When surveyed, Americans who currently don’t own a home consistently say they’d like to buy one someday. For example, the National Association of Realtors’ Housing Opportunities and Market Experience survey asked non-homeowners whether homeownership is part of their American Dream, and 75 percent of respondents said it was. This means there are a lot of people who’d like to buy a home. What factors influence their decision to buy now or wait? It may come as no surprise that money leads the list. Most non-homeowners, when asked why they don’t currently own a home, said they couldn’t afford a mortgage. Other reasons included needing the flexibility that comes with renting and a lifestyle that wasn’t compatible with ownership. Similarly, when asked what might spur a future decision to buy, respondents said that having more money would motivate them to become a homebuyer. But an improved financial situation wasn’t the only thing that could encourage them to buy. An almost equal number of respondents said a lifestyle change like marriage or retirement might push them to pursue homeownership. More here.
Demand for mortgage applications saw a dramatic jump last week, according to new numbers from the Mortgage Bankers Association. Overall, application demand was up 23.5 percent from one week earlier. A large share of the rebound was from homeowners looking to refinance now that rates have fallen to their lowest level since last February. Though much of the surge was from refinance activity, home purchase loans also had a good week. Joel Kan, MBA’s vice president of economic and industry forecasting, said purchase activity rebounded after an end-of-the-year slump. “Purchase applications had their strongest week in a month, finishing over 4 percent higher than a year ago, as both conventional and government purchase activity bounced back with solid gains after a sluggish holiday season,” Kan said. Though the gains were impressive, the week’s results follow an unusually slow holiday season and include an adjustment for the New Year’s Day holiday. Going forward, there is some concern that the government shutdown and stock market volatility may negatively affect housing market activity, but lower mortgage rates and surging demand are an encouraging sign to start the year. More here.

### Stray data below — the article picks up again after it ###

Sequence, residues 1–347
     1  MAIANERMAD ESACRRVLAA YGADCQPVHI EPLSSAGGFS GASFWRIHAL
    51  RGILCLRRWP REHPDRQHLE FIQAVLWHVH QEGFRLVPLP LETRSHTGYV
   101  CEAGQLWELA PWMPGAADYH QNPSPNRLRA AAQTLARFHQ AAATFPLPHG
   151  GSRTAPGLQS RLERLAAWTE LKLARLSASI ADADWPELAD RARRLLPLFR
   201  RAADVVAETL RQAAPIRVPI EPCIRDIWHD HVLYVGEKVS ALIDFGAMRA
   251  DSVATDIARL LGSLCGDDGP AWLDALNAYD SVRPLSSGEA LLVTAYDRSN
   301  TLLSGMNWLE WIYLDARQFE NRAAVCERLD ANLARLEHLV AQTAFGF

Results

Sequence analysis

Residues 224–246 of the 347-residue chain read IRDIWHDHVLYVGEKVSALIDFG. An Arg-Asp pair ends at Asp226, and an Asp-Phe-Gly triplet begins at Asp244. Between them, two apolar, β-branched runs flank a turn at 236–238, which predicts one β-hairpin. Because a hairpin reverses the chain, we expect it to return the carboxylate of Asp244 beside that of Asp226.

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According to the Bureau of Labor Statistics, import prices increased by 0.5% in September. This breaks a recent trend, as the summer months saw import prices going down instead of up. However, an increase of half of a percentage point isn’t something to worry about quite yet. The effects of the new tariffs between the U.S. and China remain to be seen as the goods sold between the two countries adjust to increased taxes. This increase was led almost entirely by higher fuel prices, which increased by 3.8% last month. Nonfuel imports such as food, industrial supplies, and finished goods had little or no change. Read the full report here. Meanwhile, the Bureau of Labor Statistics took a closer look at August unemployment. The average is still 3.8%, however that doesn’t tell the full story. Many metropolitan areas had an even lower unemployment rate, while others had it higher. In fact, 57 metropolitan areas had an unemployment rate that was lower than 3 percent. Most of these were across the Midwest, but there were others scattered across the country as well. There were only 5 metropolitan areas with an unemployment rate of over 7%, which were all in California and Arizona. […]